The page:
Monthly Archives: June 2014

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Author’s Note: As you’ll see from the tense and timeline of the post below, I wrote this months ago. I couldn’t get around to publishing it because I was Too Busy Complaining (or grouting, depending on the day) to take any pictures. But: I’m back. So is Kyle. We are past spring and into summer. And it feels like a good time to start again.

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For a few months we had this neighbor I really enjoyed, who moved or was busted for selling drugs, depending on who you ask, and who radiated the placid contentment of someone lying out on the beach (he was also, perhaps not coincidentally, often shirtless). We’d always do the “How are you doing?” thing and he’d always answer the same.

“Can’t complain,” he’d say, smiling and drawing the last part out. “Life’s too short to complain.”

Like I said, I like this guy, but it’s hard for me to adopt his mantra. Especially these last two months, with Kyle down in Alabama for work. It’s been difficult to be left with two houses under renovation, two jobs, and two pets (both of whom, for Extra Fun, went down with stomach viruses the week Kyle left). I have been complaining. A lot.

The truth is, I know I own a lot of it. I’m the one who married the military man, who wanted two jobs, who needed two high-maintenance pets. But even I know my limits. I tried to hire a dog-walker to help while Kyle was gone. The first two meetings between Godiva and the walker went well, and then on their first solo date I got the text below (this is a direct transcription):

Hi, Jana. I almost had G convinced to go on a walk with me but we couldn’t get past the last hurdle of getting close enough to her collar to hook the leash.

This does raise questions, such as, what was the first hurdle? But it also reminds me of why I love Dayton. I have never lived around people who are so optimistic—and so kind. In Kyle’s absence I’ve feasted on pad thai at the homes of friends and savored Algerian couscous with students and celebrated Easter on a sunlit patio. I’ve found surprise flowers on my doorstep and on my kitchen counter. I’ve been grateful for the group of neighbors who dropped everything to chase a certain runaway dog in a polka-dotted bandana.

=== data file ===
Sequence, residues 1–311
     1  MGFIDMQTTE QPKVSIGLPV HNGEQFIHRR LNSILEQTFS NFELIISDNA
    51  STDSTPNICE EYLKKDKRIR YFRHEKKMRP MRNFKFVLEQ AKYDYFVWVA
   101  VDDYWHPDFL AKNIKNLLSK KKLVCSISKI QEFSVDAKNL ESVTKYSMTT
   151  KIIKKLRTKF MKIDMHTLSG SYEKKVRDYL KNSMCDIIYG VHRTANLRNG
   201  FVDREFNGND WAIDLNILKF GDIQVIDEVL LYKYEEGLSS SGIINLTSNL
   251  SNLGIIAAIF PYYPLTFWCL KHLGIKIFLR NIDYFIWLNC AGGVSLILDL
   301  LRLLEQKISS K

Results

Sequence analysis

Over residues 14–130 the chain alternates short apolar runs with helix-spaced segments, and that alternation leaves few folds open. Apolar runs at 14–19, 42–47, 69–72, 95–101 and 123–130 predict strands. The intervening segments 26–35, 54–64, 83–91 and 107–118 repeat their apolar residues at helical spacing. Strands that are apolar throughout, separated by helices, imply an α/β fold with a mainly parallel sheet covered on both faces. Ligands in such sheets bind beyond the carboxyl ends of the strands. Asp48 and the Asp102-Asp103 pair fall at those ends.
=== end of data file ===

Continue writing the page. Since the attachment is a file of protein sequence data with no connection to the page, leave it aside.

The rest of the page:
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I’ve also had offers of help on the houses, which I’ve refused, because here’s the thing: these friends and neighbors are already helping. So I’ve forged on, sans husband and dog-walker, without feeling totally alone. I’ve re-grouted the shower in the upstairs bathroom, refinished counters in two of the units, painted inside of cabinets. I’ve finished the move downstairs, painted and reinstalled switch plates, caulked with abandon, hauled garbage bags of old carpet. Really glamorous, fun stuff.

On the other hand, I’ve gotten to do some decorating. Here is what our downstairs unit looks like currently:

*Note: these photos are actually current-current, not when-this-post-was-written-current, because as I mentioned, I was strugglin.’ Which means Kyle did a lot of this. Also, my mom helped decorate. So I pretty much just supplied the dog.
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It’s far from perfect. But it feels like a home, and remember, we went months without a couch and with sinks sitting on chairs. Also, we started here:
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The outdoors is redecorating, too. In light of the epic dog-walker fail I’ve been going home at lunchtime to take Godiva out, and every day there are new flowers pushing through the earth, their yellows and purples so vivid they look fake. In Texas we had a courtyard lush with olive trees and bougainvillea and jasmine, but it feels like I’ve never loved anything more than these straggly survivors, who made it through our bitter winter and came up more beautiful for it.

My heart, a little bit of a caveman, takes everything—the broken-down houses, the missing husband, job stuff, two crazy animals—and somehow, in the midst of all that is complicated, it says something like this: Flowers. Dog. Cat. Happy. At least in that moment, I can be a little like my blissed-out neighbor.

And because the world, or at least Dayton, is small: a few weeks ago I am leaving work and someone hollers at me across the room. “Hey,” he says. “Hey. Remember me?” It is my former neighbor, in sunglasses and shorts (for context, the rest of us are in pants and long sleeves). He is enrolled in school, he is living somewhere else, and he seems as content as ever.

“You know what”?  I say. “I miss having you as a neighbor. Because every time I saw you, you would always say—“

“Can’t complain,” he says. “Life’s too short to complain.”